Photo/Illutration Prosecutors search the office of former agriculture minister Takamori Yoshikawa in Sapporo on Dec. 25. (Kengo Hiyoshi)

Tokyo prosecutors will soon indict a former agriculture minister on a bribery charge over 5 million yen ($48,000) he received from a major egg producing company, sources said.

Takamori Yoshikawa, 70, will be indicted without arrest or being taken into custody because he underwent a heart operation at the end of 2020 and has since been in a hospital, the sources said.

Prosecutors suspect Yoshikawa received a total 18 million yen over the past six years from a former top executive of Akita Foods Co., a Hiroshima Prefecture-based egg producer.

The charge will cover 5 million yen, which Yoshikawa received while he served in the Cabinet of Shinzo Abe.

The former company executive, now 87, is also expected to be indicted without arrest on a bribery charge.

Yoshikawa, who belongs to the ruling Liberal Democratic Party, resigned as a Lower House member on Dec. 22, citing a chronic heart condition.

Investigators searched his offices in Tokyo and Sapporo on Dec. 25.

Of the 5 million yen, Yoshikawa received 2 million yen on Nov. 21, 2018, at a hotel in Tokyo. He also received 2 million yen at the minister’s office on March 26, 2019, the sources said.

On both occasions, the former executive asked Yoshikawa to ensure the Japanese government would oppose an international organization’s proposal for animal welfare standards to reduce the stress of livestock, the sources said.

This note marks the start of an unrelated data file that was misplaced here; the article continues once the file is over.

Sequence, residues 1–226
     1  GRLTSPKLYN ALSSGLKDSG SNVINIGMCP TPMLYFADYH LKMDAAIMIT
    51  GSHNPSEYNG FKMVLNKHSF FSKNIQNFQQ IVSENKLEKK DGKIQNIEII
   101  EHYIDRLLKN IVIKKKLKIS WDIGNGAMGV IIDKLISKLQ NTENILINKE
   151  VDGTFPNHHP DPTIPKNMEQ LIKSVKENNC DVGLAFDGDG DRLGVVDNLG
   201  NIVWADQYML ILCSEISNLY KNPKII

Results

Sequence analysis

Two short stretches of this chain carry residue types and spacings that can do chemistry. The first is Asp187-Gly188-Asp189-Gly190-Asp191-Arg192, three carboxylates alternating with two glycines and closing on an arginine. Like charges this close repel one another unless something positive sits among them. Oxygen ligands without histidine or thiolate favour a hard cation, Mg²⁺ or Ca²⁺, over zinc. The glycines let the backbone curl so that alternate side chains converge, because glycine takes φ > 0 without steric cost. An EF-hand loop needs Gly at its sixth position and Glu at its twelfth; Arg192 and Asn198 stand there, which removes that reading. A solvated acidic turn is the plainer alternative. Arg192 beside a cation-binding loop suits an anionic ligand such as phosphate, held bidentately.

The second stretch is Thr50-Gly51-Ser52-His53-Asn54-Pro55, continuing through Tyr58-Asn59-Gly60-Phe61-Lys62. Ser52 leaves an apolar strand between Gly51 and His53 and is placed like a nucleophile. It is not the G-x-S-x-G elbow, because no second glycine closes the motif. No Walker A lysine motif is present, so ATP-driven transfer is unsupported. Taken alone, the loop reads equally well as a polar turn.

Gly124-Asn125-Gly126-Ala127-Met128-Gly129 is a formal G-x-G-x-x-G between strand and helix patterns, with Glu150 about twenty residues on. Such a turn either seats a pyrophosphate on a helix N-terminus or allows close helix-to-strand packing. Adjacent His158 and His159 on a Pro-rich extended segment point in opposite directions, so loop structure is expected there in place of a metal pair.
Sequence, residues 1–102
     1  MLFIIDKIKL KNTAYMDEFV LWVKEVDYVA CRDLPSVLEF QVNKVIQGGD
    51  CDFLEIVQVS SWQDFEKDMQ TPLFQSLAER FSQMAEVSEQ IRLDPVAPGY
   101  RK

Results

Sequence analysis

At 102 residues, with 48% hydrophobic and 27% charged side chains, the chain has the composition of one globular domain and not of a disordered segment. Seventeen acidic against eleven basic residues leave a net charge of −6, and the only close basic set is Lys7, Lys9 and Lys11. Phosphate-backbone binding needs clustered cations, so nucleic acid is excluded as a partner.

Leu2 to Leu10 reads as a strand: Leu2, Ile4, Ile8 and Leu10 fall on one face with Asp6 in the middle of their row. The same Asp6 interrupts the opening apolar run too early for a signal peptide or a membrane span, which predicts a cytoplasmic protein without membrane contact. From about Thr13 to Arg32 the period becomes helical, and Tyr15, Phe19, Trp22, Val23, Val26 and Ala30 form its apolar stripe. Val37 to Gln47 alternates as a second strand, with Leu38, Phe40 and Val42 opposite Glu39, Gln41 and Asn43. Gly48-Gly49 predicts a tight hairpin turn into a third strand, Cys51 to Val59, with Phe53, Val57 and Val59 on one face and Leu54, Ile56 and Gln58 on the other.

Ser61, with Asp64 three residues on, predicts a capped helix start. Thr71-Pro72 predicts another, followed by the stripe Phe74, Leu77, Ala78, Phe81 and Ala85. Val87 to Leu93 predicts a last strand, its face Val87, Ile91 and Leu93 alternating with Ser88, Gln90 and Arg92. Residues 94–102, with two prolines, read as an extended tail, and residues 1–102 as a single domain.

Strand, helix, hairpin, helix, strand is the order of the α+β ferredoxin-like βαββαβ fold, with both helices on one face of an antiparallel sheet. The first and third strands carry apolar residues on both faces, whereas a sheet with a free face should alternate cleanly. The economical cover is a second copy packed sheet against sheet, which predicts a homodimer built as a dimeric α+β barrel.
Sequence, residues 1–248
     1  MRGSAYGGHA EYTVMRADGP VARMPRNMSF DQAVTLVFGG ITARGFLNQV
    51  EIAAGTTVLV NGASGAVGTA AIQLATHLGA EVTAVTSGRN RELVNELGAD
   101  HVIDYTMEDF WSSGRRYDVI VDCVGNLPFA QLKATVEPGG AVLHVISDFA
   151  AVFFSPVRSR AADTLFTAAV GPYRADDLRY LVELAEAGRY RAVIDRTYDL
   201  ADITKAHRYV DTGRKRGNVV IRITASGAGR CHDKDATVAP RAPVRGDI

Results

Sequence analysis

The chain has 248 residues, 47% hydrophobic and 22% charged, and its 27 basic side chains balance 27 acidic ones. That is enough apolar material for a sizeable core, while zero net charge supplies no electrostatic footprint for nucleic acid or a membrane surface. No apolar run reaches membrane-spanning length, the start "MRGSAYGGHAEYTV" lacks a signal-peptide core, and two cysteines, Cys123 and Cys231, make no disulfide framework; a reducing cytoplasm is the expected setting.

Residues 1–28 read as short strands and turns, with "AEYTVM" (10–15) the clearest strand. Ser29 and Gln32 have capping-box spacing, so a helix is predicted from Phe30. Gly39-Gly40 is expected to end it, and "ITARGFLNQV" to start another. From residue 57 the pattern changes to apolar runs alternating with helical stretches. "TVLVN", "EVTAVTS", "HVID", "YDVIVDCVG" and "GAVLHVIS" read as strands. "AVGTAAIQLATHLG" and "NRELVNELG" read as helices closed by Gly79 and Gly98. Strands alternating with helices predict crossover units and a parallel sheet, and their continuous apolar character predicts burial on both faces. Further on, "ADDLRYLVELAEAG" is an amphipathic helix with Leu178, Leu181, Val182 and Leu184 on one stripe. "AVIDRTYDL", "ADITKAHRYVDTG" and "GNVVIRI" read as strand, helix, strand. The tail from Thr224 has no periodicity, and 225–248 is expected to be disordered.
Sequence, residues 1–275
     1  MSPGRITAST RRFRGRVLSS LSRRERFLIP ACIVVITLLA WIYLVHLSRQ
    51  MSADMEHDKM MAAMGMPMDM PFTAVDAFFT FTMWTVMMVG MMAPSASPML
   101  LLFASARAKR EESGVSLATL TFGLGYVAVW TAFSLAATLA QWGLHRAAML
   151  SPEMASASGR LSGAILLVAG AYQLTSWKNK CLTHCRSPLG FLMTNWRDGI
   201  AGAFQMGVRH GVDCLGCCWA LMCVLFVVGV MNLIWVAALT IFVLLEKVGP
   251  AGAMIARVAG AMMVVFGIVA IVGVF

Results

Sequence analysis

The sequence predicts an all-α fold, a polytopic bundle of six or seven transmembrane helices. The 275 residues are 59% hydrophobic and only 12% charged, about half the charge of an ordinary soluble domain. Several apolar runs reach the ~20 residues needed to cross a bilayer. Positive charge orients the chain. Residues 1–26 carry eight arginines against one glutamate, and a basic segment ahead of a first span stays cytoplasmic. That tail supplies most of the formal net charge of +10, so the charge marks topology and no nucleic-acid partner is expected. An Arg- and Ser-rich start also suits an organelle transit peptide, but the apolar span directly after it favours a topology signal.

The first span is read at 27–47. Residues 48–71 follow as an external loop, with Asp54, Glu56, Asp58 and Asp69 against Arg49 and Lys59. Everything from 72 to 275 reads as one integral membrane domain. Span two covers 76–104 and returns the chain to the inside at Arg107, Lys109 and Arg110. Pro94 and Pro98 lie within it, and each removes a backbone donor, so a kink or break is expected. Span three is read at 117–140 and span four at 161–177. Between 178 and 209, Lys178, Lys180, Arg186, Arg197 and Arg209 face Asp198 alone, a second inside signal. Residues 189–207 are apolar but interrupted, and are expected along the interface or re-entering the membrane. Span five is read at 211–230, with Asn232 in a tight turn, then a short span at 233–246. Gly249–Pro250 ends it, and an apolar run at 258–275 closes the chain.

The former executive also gave Yoshikawa 1 million yen at the minister’s office on Aug. 2, 2019, asking him to make it easier for poultry farmers to receive loans from the government-related Japan Finance Corp, according to the sources.

During voluntary questioning by prosecutors, Yoshikawa admitted to receiving the money but told investigators he planned to return the funds.

The former executive told prosecutors that he “gave the money and it was for the industry.”

Prosecutors are focusing on the 5 million yen because it was apparently given to buy Yoshikawa’s power as farm minister.

But prosecutors will not pursue bribery charges for the other payments because they were made when Yoshikawa did not hold a major government position or wield administrative authority, the sources said.

He is believed to have received a total of 11 million yen over nine times between 2015 and 2018, before he became farm minister, and 2 million yen over two times in 2019 and 2020, after he left the Cabinet.

Prosecutors also suspect that Akita Foods bought about 3 million yen worth of tickets for a fund-raising party for Yoshikawa, but reports were falsified to make it appear that multiple individuals bought the tickets, a possible violation of the Political Fund Control Law.

The former executive told prosecutors he also handed about 15 million yen to Koya Nishikawa, 78, another former farm minister, over the seven-year period from 2014 to 2020.

Prosecutors believe the former executive threw around a lot of money to LDP lawmakers who specialized in policies related to the farm industry. They have studied his disbursement reports and appointment books.

Prosecutors searched Akita Foods’ offices in July as part of an investigation into a vote-buying scandal that led to the arrests of former Justice Minister Katsuyuki Kawai, 57, and his lawmaker wife, Anri, 47.